Do Expense Ratios Matter?

Russell Kinnel, Morningstar’s director of mutual fund research, wrote an article on August 9, 2010, titled “How Expense Ratios and Star Ratings Predict Success.” It is a must read and can be found online at Morningstar by clicking on this link.

Morningstar examined five broad categories of mutual funds—domestic equity, international equity, balanced, taxable bond, and municipal bond—over multiple periods beginning in 2005, 2006, 2007 and 2008 and ending in March 2010. The funds were sorted into quintiles based on expenses and the performance of the cheapest funds was compared to that of the most expensive.

We have always preached that investors should focus on the things they can control—expense ratios, turnover (i.e., tax efficiency), diversification, and asset allocation. Therefore, it did not surprise me that Morningstar’s research showed that cheap funds outperformed their expensive cousins in every time period tested. Kinnel observed “if there’s anything in the whole world of mutual funds that you can take to the bank, it’s that expense ratios help you make a better decision.”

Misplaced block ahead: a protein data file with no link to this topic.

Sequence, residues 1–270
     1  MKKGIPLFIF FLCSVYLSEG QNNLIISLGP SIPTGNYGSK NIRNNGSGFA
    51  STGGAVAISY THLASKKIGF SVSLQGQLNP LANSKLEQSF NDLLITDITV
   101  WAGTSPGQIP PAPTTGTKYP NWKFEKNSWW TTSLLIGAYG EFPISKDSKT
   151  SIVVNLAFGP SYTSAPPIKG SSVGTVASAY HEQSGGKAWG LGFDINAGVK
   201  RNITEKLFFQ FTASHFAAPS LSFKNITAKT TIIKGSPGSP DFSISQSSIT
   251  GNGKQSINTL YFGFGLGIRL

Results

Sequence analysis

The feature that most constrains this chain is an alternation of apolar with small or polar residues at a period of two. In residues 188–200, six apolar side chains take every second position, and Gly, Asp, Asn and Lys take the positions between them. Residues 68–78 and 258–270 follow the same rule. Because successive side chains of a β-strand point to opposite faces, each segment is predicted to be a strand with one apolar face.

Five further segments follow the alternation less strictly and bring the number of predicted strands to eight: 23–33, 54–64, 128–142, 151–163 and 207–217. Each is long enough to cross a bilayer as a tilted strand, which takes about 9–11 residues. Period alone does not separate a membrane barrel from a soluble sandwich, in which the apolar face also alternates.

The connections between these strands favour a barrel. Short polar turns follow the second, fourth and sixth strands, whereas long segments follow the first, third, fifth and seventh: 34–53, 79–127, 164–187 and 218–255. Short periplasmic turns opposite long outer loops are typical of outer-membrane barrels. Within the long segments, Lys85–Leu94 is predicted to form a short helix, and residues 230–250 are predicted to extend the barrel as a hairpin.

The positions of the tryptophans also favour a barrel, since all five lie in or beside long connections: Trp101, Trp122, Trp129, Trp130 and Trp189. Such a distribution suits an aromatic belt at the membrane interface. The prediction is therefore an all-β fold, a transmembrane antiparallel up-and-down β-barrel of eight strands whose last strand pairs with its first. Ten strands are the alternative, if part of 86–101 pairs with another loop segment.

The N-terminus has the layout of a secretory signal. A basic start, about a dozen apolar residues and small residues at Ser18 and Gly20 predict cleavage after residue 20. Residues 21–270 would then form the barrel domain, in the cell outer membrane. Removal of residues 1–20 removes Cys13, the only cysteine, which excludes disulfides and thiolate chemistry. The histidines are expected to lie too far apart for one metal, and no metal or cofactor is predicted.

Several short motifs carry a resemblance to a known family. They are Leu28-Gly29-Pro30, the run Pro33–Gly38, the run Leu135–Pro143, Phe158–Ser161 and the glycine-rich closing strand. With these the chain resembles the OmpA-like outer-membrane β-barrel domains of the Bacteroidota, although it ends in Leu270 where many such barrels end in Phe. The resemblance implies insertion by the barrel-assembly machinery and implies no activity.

Among both domestic and international equity funds, total returns in every time period were higher for the cheapest funds compared to the 5-star funds. Kinnel concluded by saying that “investors should make expense ratios a primary test in fund selection. They are still the most dependable predictor of performance.”

All I can say is Amen!

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